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Church Sound: Three Key Things To Keep In Mind When Transitioning To A Digital Mixer

With great mixing power comes great mixing responsibility.
ProSoundWeb Worship Audio

We regularly hear talk of people transitioning into the wonderful world of digital mixing, but it seems we rarely hear of what happens after they make the transition.

Old habits must be broken, a new way of thinking about workflow has to occur, and digital mixing doesn’t mean one can finally perfect a vocalist’s mix – at least not for two weekends in a row. Here are what I’ve found to be the three traps in transitioning from analog to digital mixing.

1. Don’t assume last week’s settings are perfect for this week. Digital mixers offer a massive amount of EQ control over each input. While I’m grateful for EQs, it’s easy to set them “perfectly” for each musician one weekend and think the next week those settings will still be “perfect.”

A lot of factors change week to week. Guitarists use different guitars, different pedals, and different effects all according to the song arrangement. Oh yeah, and then what works for one arrangement doesn’t work for another. I’m not against using the previous week’s EQ settings as a basis for the mix, but don’t assume it doesn’t have to change.

2, Before setting gains and faders, check group levels. This one still gets me from time to time. Coming from an analog world, it’s easy to look at a console and know exactly where the group volumes are set; these could be groups, DCAs, buses, whatever the specific console model uses and calls them.

In the digital world, some mixers work as a “surface” where the faders represent whatever channels we’ve selected. We might not see the group level fader settings until we tell the mixer’s surface to show them. (Yamaha M7CL users know what I mean with the DCA button.)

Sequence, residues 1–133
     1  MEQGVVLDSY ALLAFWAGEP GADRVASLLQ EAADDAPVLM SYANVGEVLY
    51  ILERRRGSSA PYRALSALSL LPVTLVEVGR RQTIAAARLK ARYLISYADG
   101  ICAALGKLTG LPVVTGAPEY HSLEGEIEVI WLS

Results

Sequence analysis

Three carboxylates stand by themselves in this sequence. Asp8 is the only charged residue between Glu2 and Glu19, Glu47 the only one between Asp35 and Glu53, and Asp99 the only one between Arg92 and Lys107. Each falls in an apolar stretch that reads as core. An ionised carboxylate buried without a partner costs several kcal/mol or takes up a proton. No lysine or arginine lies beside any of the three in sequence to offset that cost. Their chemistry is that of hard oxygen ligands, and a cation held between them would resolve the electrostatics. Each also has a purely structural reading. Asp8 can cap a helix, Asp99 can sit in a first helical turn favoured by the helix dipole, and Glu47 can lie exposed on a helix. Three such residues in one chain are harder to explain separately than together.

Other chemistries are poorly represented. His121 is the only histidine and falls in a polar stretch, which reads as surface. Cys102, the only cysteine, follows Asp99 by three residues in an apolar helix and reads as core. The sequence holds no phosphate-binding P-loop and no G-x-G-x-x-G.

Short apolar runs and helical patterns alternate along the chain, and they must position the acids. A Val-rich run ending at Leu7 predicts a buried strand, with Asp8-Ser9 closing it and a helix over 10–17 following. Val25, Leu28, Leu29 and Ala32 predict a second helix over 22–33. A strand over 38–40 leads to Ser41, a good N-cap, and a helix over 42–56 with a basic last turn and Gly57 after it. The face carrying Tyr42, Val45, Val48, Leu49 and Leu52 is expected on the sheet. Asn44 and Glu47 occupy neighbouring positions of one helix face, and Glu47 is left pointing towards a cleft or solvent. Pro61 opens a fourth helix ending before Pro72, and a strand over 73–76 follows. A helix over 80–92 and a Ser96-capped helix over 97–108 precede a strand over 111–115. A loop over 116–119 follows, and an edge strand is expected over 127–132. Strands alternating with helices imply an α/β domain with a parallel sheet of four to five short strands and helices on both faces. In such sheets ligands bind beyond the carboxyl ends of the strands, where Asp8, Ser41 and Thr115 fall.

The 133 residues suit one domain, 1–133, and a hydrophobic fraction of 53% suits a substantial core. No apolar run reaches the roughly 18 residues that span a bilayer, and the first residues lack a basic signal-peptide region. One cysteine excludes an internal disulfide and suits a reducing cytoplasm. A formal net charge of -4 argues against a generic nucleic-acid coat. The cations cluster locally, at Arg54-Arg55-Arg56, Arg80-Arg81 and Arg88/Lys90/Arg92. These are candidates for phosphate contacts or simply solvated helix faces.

3. What you see is not always what you get. With analog, we can look down at the mixer and see all our settings (rack-unit settings excluded.) But with digital, what we see in front of us is only a small percentage of what’s actually set for a channel. And in some cases, the digital screen before us might not be the same as the channel on which we’re focused.

For instance, on the M7CL, there’s a bank of faders and controls on the mixer that are tied to the bank of channels displayed on the screen. If you change the view to a different bank, say channels 1-8, but think you are on channels 10-16, then you’re changing the wrong channel. I saw this happen to a tech when he thought he had un-muted a microphone but was working with a different bank of channels.

Additionally, when a problem occurs during a service, such as with a mic channel, using an analog board, we can scan over the whole board and spot an incorrect knob setting. Digital mixers don’t provide this ability. The approach: look to the channel you believe to be the problem and be sure to select that channel so the display settings are for that precise channel.

With great mixing power comes great mixing responsibility. Digital mixers supply a lot of control, but to be used effectively we must know how to use them – and never assume that what worked last week will work this week.

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